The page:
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Effective Networking: Personality Partnering
By Anne Warfield   Printer Friendly Version

Networking is no longer the "good ol' boys" club nor is it appropriate to pass your business card out to everyone you meet. Networking is a much more savvy market today. Networking is not something you do; it is an art you perfect. True networking will increase your business and give you a solid base for years to come. So how do you network in the 90's?
To be effective in today's business you need to network by "personality partnering". Remember you are not trying to only reach the person you are speaking to, you want to have access to all the people they have an influence over. Let your networking be defined by your personality and life style, not by your work.

Remember , you need to create a desire to hear more from you. Your first line of introduction should tell people the benefit of working with you, not how you do what you do. Karen Peterson has been with Hanson's Goodies & Gifts, an 80 year old company, since she closed her own bakery in the spring of 1994. Prior to that Karen was a customer of Hanson's for 4 years. When I first met Karen her introduction was, "My name is Karen Peterson and I'm with Hanson's Goodies & Gifts. We make gift baskets filled with candy, nuts and goodies for every occasion." She found her response from people was only mediocre at best. Today Karen says her benefit statement of, "I can help provide you with the perfect gift at the perfect time for any occasion without you ever having to leave the office." Having a benefit statement gives her confidence because it always rolls right off her tongue and it peaks interest. Matter-of-fact, after saying her benefit statement at a recent women's network meeting, Karen had two people come up to her to set appointments to purchase product!

Do not network for people whose companies might be good prospects for you. Instead try to find people in the room that have similar interests to you. Similar interests include hobbies, vacations, parenting, experiences, and travel to name a few. For years the "good ol' boys" network survived because they were often built on a similar interest outside of work. They were built on golf courses, basketball courts, churches and workout rooms. Business happened as an afterthought. Do not begin by talking about work.

Churches, community events, ski clubs, golf courses, workout centers, and Chambers of commerce are some of the best places to meet people that have a similar personality and interests to yours. In Karen's situation church, chamber events and community events would be great places to "personality partner". These events would allow her to meet others, be involved and display her gift baskets as centerpieces for different events.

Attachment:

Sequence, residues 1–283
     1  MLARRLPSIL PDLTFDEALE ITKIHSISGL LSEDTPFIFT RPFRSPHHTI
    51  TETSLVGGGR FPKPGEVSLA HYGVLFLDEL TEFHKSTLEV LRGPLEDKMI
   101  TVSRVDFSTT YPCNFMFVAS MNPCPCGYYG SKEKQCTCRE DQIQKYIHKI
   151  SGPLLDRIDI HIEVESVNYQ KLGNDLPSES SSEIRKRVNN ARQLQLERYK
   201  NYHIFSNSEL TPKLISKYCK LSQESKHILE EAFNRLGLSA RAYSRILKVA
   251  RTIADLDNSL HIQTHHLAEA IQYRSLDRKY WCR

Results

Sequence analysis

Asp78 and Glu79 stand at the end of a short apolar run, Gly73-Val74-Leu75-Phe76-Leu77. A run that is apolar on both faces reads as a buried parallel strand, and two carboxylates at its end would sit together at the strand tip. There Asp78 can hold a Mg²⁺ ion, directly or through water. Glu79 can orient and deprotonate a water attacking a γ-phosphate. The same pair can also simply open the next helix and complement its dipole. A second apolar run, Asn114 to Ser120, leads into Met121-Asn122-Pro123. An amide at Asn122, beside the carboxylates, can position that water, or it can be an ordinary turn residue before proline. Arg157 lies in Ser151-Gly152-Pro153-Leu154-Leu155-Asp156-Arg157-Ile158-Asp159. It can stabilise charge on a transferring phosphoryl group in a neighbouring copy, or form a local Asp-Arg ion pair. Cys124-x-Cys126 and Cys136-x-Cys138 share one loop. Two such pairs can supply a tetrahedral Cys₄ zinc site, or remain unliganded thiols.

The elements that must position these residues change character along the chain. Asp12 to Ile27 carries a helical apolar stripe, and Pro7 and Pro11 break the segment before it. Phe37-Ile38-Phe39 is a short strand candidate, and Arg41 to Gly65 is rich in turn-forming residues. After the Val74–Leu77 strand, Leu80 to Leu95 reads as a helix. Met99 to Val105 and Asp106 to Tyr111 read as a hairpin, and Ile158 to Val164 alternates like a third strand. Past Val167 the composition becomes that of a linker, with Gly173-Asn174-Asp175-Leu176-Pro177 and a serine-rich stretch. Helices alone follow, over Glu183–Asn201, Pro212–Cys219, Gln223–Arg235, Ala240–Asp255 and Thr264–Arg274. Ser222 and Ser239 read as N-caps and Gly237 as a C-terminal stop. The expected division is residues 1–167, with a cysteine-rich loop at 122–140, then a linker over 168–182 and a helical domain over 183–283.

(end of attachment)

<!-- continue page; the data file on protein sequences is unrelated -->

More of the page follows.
Your goal is to find out if your personality relates well to the person you are talking with. In order to find this out, ask questions such as, "What is your favorite hobby?", "Where was your best vacation and why?", or "If you could relive one part of your life without changing it, what time would you relive and why?" These are great icebreakers when you are seated at a table with 7 other strangers. For Karen, a great icebreaker is to ask people what big events they have upcoming in their lives. This allows her to tell them about a basket that would fit the occasion.

Diana Hoffman of Investor Mortgage spends much of her business time managing a women's breakfast networking group. She invites people she feels will match in personality and then starts each meeting with an unconventional networking question. She finds people open up to each other, and naturally refer business.

Being a good "personality partnering" networker is similar to being a good neighbor. You do things for others because you genuinely like them and see this as a long-term partnership, not a short-term business venture. You will find the more you give, the more referrals people will send your way. They might not be able to do buinsess with you themselves, but they like you so they will want to help you. Think of how many things you buy or do because a friend has recommended them to you.

Focus on helping them solve a problem they face or present new information in an area they are interested in, and people will remember you. They will appreciate your effort and try to pass business you way. Karen helps people focus on upcoming anniversaries, birthdays and other important events in their lives. She is then able to solve their problem by presenting a choice of baskets that can be mailed or delivered for those occasions. People feel grateful they are able to be thoughtful about sending a gift while still meeting all of their work deadlines.
When you go to your next networking event, use it as an opportunity to find others who think, feel and act similar to you. Begin with your personality and lifestyle in mind and let work be an afterthought. The more you practice this, the more the other person will be asking for your card without you even suggesting business and you will make business partners as well as friends. MB & O

Anne Warfield is president of Impression Management Professionals. She helps people project the positive, physical and mental image necessary to reach their goals.

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